EC credibility takes a beating in 2019 LS poll

By Yashwardhan Joshi. Dated: 5/11/2019 11:44:20 PM

Is the Election Commission really free and fair? The institution that has been conducting free and fair polls over the years finds its own conduct coming under public glare this time round. Though fingers had been raised at its functioning in 2017 when it announced separate schedules for Assembly elections in Himachal Pradesh and Gujarat in what was said to be an attempt to help the ruling BJP, it is in the on going Lok Sabha elections that its credibility has taken a beating.
So much so that many in the Opposition feel that EC now stands not for the Election Commission but for 'eroded credibility'. All this while it has failed to take any action against Prime Minister Narendra Modi and BJP president Amit Shah for the seemingly blatant violations of the model code of conduct and the Representation of the People Act.
When Sections 1 and 3 of the model code clearly state that no candidate an cause communal tension and when Sections 123 and 125 of the Representation of the People Act are equally clear that no candidate can promote feelings of enmity and hatred between different classes, the EC finds no violation in PM's speech that opposition candidates have been forced to flee to constituencies where the majority has become minority.
But when BSP leader Mayawati urged the Muslims not to vote for the Congress to avoid the division of the minority vote, she was temporarily barred from campaigning. Similarly, BJP leaders Yogi Adiyanath and Maneka Gandhi were condemned and temporarily barred from campaigning after they sought votes on communal lines. But that too after the Supreme Court reprimanded the poll body for not taking action against the violators. Doesn't this paint the Election Commission as an institution partial to the PM and the BJP president?
"Why would a prime minister talk of minority and majority. Sab ka saath, sab ka vikas. You rule by majority, but you cannot rule for majority. It's completely distasteful (PM's speech),"says RLD leader Jayant Chaudhary.
The EC also did not take any action against Modi for a roadshow after he had cast his vote in Gujarat, though Section 4 (6) of the model code bars any procession on polling day. Modi was also given a clean chit as the Election Commission did not see any violation of the model code in Modi seeking votes in memory of Pulwama martyrs and for the Balakot strike, though the poll body had earlier declared that the armed forces cannot be dragged into the poll campaign.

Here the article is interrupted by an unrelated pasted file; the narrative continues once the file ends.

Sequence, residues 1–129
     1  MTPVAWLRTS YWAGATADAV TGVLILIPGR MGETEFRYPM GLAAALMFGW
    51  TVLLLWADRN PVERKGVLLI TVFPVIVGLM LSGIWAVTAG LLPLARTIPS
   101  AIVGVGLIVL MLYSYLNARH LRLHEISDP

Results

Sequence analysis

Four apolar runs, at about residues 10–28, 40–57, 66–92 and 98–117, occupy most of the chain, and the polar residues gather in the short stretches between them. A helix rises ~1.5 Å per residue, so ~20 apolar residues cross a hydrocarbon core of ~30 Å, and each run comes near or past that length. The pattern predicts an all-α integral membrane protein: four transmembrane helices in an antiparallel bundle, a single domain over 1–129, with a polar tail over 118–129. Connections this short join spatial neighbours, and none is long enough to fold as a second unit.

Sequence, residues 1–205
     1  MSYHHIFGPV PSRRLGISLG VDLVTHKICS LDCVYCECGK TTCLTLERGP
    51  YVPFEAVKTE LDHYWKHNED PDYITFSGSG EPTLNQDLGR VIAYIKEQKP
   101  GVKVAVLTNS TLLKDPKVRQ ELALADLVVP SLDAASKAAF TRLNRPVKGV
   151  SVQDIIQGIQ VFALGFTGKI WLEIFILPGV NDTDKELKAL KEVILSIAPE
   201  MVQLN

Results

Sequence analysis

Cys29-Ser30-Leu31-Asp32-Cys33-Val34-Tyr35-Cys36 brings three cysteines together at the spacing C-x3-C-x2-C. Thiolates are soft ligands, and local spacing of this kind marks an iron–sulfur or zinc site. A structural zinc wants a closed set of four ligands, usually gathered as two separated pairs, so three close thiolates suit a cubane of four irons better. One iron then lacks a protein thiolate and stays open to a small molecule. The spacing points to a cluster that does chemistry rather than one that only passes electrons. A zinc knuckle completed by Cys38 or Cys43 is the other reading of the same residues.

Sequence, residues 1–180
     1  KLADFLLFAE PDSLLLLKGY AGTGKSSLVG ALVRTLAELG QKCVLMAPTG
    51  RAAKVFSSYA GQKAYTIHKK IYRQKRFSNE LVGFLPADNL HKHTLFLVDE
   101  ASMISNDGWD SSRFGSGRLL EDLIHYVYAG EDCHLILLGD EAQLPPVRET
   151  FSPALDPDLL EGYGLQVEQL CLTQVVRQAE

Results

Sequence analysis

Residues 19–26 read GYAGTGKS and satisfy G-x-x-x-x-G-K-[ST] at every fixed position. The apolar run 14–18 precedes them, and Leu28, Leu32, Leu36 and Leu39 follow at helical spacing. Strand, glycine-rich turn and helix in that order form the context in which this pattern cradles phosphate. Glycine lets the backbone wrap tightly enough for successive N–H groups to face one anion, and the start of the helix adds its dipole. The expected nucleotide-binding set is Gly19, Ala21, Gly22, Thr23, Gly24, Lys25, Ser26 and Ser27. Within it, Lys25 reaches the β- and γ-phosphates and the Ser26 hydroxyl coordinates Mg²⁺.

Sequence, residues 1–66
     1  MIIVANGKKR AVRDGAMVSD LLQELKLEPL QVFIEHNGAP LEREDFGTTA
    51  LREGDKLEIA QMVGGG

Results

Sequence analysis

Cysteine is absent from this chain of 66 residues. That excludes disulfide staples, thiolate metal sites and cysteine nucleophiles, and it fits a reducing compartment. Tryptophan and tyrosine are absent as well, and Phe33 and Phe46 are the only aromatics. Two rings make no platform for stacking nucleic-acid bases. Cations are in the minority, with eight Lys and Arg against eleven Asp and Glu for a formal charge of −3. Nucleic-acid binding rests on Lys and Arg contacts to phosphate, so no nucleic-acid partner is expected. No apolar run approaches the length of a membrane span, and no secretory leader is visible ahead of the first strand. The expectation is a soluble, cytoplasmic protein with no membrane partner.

According to Senior lawyer Santosh Hedge, the PM can speak for his government, its policies, but the soldiers of the country do not belong to any government. They are India's soldiers. What happened in Pulwama or Balakot, India did it. It is not this government or that government. Which ever government is in power, is tasked to take necessary security measures.
"What the PM's speech imply is to basically identify the army with the government, and that is dangerous for democracy," he adds. The EC also seems to have favoured the PM when it suspended a poll officer for searching a car in PM's convoy, though the rules clearly state that an SPG protected is not exempted from search.
In fact, there were eight complaints against the PM so far for violation of the election rules, but he was given clean chit in all, and so was Amit Shah who had also referred to the armed forces in his election speeches.
According to political observers, allegations of partiality by the EC seem to hold water since the complaints against the opposition candidates were disposed of in 3-6 days, while it took more than a month to look into the complaints against Modi. And no notice was given to the PM to reply to the complaints against him, though it is an accepted practice.
And taking so much time to dispose of complaints serves little purpose because once election is over the damage is already done. Going to courts then makes no sense. Jaiveer Shergill of the Congress says the model code of conduct has been so blatantly violated by the PM that it should be called the Modi code of conduct.
"Sitting on opposition complaints for more than three weeks and transferring officers in States only where there is non-BJP government, that's when you come to know that the mission of the EC is only to salvage the sinking fortunes of the BJP," he says.
In five of the complaints against Modi and Amit Shah, one of the election commissioners in the three-member poll panel had given dissenting views, but the views were not made public.
Three former chief election commissioners have concurred that the grounds for rejecting the complaints along with the relevant provisions of the model code or advisories should have been communicated to the complainant. "In the interest of transparency, a core value of EC, dissenting view if any should also be available to people to know,"says former CEC Nazim Zaidi.
However, there was no mention of it on the EC's website. In another case of apparent partiality, BJP candidate from Bhopal, Sadhvi Pragya Thakur, has been allowed to contest despite she being a terror accused and out on bail. Jayant says the EC has been completely ineffective in battling criminalisation of politics. It's time the EC stood up for this. And for all the democratic values it embodies.
Yashwardhan Joshi is a Journalist of long standing and commentator on issues of Administration and Social Issues.
—[IFS]

 

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